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Mission to Mars: Send your Name to Mars! Get a NASA boarding Pass for 2018

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Send your Name to Mars
NASA will send your name to Mars with InSight in 2018. Wikimedia.
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United States, October 27: Space has always been a sense of infinite wonder for us. It is something that is mystifying, yet incites our intellectual spirit of curiosity and sense of stimulation. Believe it or not, you can send your name to Mars!

  • While everyone desires to set foot on Mars, NASA has given out an opportunity to at least send your name to Mars.
  • As a part of a mission to Mars, NASA is accepting names from the public to be engraved on minute silicon microchip that’s being sent into space with their latest Mars lander, InSight.

You have until November 1, 2017, to send your name to Mars and submit for the Insight mission. Also note that if you miss out this date, don’t get disheartened for you may send your name to Mars for Exploration Mission-1’s November 2018 launch. You can get your boarding pass now and share with your friends!

In 2014, NASA had sent 1.38 million names on board with Orion’s first test flight.

Send your name to Mars
Send your name to Mars and Download your boarding pass.

There’s also an option to invite friends after you send your name to Mars and earn frequent flier points reflecting your personal participation in NASA’s Mars exploration. You can also check your status with your boarding pass number and find your number in the frequent flier list.

What is the purpose of Mission to Mars?

InSight, for Interior Exploration using Seismic Investigations, Geodesy and Heat Transport, will launch from Vandenberg Air Force Base, California, in May 2018 and land on Mars in Nov 2018. This is the first mission to mars dedicated to analyzing the deep interiors of Mars. It will help in finding the history of all rocky planets of the solar system, including Earth.

Mission to Mars Dates:

  • Spacecraft Launch: May 5, 2018
  • Spacecraft Landing: Nov. 26, 2018
  • Surface operations: 728 days / 708 sols
  • Last date send your name: Nov. 1, 2017
  • To send your name: https://mars.nasa.gov/participate/send-your-name/insight/

-Prepared by Bhavana Rathi of NewsGram. Twitter @tweet_bhavana

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NASA’s Kepler Discovers Nearly 100 New Exoplanets

NASA researchers found that some of the signals were caused by multiple star systems or noise from the spacecraft

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UFO religion as a concept is now becoming a part of popular understanding.
Countless galaxies exist in the universe, each hiding secrets that humankind is yet to unearth. Pixabay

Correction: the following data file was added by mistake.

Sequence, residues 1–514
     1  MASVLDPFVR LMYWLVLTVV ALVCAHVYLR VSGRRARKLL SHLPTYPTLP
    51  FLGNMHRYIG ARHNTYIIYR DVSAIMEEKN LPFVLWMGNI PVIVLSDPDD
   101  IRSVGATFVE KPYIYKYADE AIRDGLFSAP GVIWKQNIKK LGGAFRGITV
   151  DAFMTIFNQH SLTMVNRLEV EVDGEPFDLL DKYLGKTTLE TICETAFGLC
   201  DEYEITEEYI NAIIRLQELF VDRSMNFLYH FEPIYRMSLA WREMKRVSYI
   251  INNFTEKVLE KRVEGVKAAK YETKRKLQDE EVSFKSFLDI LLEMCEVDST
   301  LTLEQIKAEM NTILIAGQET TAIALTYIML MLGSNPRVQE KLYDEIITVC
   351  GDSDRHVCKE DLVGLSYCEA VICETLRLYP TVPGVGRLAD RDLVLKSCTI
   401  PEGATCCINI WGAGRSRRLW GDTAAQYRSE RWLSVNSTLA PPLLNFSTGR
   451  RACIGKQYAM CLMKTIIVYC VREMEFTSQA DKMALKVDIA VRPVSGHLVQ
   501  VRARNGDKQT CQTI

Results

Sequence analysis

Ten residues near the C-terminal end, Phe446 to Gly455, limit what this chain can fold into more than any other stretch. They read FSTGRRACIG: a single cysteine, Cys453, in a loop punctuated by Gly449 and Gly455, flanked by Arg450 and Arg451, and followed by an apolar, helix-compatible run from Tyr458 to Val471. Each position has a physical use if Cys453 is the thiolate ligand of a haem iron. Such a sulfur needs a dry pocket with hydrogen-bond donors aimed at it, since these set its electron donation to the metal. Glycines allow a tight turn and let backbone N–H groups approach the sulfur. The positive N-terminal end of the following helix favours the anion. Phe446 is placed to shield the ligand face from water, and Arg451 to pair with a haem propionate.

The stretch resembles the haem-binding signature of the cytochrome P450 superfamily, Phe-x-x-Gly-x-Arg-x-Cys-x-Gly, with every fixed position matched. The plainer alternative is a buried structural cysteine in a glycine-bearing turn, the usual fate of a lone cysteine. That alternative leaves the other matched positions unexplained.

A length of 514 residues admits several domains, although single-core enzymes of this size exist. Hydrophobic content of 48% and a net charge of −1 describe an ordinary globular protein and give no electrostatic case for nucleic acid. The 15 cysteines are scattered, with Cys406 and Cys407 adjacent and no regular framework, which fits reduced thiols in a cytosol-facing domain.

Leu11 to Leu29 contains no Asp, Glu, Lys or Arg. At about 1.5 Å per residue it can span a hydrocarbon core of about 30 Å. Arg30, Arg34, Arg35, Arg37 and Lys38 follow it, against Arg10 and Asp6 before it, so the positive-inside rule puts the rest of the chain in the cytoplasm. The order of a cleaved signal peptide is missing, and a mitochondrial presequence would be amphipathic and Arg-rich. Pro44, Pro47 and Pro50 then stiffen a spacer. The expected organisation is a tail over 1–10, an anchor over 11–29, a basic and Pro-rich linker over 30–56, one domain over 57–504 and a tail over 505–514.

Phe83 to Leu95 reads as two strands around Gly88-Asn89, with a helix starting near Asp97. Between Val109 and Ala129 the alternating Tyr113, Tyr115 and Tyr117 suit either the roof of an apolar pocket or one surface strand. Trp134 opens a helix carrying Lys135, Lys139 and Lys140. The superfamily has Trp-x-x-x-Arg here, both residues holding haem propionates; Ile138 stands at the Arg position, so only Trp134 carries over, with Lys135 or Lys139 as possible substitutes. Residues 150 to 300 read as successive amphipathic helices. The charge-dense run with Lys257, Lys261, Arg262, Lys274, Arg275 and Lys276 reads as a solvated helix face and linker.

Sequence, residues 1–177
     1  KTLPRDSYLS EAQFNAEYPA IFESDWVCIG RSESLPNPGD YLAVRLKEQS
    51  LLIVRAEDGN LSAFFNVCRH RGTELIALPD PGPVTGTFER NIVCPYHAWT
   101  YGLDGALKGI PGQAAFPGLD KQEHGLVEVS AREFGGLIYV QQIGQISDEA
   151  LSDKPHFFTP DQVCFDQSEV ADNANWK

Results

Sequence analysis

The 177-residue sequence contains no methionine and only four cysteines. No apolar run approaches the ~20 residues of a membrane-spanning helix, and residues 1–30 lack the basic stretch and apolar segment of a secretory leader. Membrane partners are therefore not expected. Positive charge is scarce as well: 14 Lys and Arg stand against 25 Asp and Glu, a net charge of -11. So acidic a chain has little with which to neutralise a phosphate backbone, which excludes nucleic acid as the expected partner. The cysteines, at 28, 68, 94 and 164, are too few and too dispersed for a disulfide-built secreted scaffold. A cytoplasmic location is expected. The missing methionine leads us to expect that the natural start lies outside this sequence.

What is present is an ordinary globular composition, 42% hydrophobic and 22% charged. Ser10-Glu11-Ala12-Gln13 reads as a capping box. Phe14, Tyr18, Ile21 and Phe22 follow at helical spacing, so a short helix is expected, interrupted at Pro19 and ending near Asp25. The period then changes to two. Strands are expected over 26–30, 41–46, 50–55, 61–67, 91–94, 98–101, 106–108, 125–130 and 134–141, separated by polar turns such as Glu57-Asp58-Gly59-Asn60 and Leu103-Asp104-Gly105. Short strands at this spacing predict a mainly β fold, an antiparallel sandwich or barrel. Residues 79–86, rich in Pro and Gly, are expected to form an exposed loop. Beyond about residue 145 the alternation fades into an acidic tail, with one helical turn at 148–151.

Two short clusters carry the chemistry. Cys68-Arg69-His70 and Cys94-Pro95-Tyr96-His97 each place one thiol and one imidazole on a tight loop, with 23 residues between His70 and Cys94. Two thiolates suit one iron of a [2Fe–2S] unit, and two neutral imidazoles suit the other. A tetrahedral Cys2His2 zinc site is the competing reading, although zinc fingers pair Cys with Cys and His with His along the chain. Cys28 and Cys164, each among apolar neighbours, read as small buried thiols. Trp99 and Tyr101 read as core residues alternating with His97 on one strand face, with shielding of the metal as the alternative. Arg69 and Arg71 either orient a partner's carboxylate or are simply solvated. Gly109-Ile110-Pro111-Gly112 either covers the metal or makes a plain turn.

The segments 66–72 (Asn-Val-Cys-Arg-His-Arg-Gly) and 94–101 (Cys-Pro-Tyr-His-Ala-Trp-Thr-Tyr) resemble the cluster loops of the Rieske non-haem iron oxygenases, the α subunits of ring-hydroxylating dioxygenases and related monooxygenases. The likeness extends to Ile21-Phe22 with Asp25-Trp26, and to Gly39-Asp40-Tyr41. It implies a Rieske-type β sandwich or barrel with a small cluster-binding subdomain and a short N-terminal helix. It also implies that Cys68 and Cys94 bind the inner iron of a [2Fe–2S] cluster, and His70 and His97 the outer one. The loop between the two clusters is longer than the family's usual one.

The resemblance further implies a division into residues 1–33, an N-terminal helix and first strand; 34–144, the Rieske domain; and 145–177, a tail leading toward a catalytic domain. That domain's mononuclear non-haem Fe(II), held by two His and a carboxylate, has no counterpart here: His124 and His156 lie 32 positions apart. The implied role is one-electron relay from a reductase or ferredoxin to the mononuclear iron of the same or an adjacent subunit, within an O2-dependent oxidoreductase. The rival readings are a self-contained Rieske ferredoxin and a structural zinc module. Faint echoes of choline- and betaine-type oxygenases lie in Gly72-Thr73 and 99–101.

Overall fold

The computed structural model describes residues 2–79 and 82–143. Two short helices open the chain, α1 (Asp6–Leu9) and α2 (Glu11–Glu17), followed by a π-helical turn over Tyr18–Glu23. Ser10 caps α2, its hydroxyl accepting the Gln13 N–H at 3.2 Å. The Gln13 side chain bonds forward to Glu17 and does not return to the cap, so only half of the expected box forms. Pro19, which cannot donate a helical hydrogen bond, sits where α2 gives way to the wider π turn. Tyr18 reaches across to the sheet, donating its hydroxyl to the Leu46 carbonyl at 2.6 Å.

• NASA’s Kepler has discovered nearly 100 new exoplanets
  • Some of the planets discovered are as large as Jupiter
  • NASA has also found planet which orbits very bright stars

An international team of scientists have confirmed the discovery of nearly 100 new exoplanets — planets located outside our solar system.

The discovery was based on data from the second mission of NASA’s Kepler Space Telescope or K2 released in 2014.

NASA has discovered nearly 100 exoplanets. Wikimedia Commons
NASA has discovered nearly 100 exoplanets. Wikimedia Commons

K2 searches for exoplanet transits by registering dips in light caused by the shadow of an exoplanet as it crosses in front of its host star.

NASA researchers found that some of the signals were caused by multiple star systems or noise from the spacecraft.

But they also detected planets that range from sub-Earth-sized to the size of Jupiter and larger.

Also Read: Milky Way’s neighbouring galaxy is of the same size, not bigger

One of the planets detected was orbiting a very bright star.

“We validated a planet on a 10-day orbit around a star called HD 212657, which is now the brightest star found by K2 missions to host a validated planet,” said lead author Andrew Mayo, a doctoral student at the National Space Institute (DTU Space) at the Technical University of Denmark.

Some of the planets found are as big as Jupiter. VOA
Some of the planets found are as big as Jupiter. VOA

For the study, appearing in the Astronomical Journal, the team started out analyzing 275 candidates of which 149 were validated as real exoplanets.

In turn 95 of these planets have proved to be new discoveries, Mayo said.

The Kepler spacecraft was first launched in 2009 to hunt for exoplanets in a single patch of sky, but in 2013 a mechanical failure crippled the telescope.

NASA has found many planets before as well. Wikimedia Commons
NASA has found many planets before as well. Wikimedia Commons

However, astronomers and engineers devised a way to repurpose and save the space telescope by changing its field of view periodically. This solution paved the way for the follow up K2 mission.

Adding the newly discovered exoplanets brings the total number of exoplanets by K2 mission to almost 300, the study said.

Also Read: NASA sounding rocket probing dark regions of space falter

The first planet orbiting a star similar to our own Sun was detected only in 1995. Today some 3,600 exoplanets have been found, ranging from rocky Earth-sized planets to large gas giants like Jupiter. IANS